It appears little has been done to locate the remaining 276 African girls who were kidnapped from the Chibok Government Girls Secondary School on April 15 and later claimed victims of the terrorist group, Boko Harem. An international outrage was sparked via social media after president Barack Obama referred to the story as “heartbreaking.”
Hopefully, with news from a meeting held today by leaders in West Africa, this is about to change.
West African leaders have agreed to work together and wage “total war” on Boko Haram – the terrorist group that kidnapped the girls from a school dormitory last month. Referring to the Nigerian Islamist group as a “regional al Qaeda” the leaders agree that the group serves as a threat to all of them.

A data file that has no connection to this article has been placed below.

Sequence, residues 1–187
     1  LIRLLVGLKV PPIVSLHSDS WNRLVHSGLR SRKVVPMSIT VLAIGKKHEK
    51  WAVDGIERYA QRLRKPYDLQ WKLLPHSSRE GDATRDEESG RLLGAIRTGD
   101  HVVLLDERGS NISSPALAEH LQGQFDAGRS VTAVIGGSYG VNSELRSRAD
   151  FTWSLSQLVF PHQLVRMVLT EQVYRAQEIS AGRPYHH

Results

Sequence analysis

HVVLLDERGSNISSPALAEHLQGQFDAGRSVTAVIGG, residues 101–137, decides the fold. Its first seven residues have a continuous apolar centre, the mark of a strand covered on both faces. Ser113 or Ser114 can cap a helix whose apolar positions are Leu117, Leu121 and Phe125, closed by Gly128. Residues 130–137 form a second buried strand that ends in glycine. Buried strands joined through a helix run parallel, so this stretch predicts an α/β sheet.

Representatives from Chad, Cameroon, Niger and Benin, all neighboring countries of Nigeria, gathered with western officials for the first time to brainstorm on a plan; sharing for the first time, intelligence, and coordinating actions to monitor the country’s borders.
Before the massive kidnapping of the girls last month, Boko Haram had been considered a local terrorist group who, for the last five years, carried out bombings and attacks on civilians and the security forces. But the kidnapping brought them to international attention.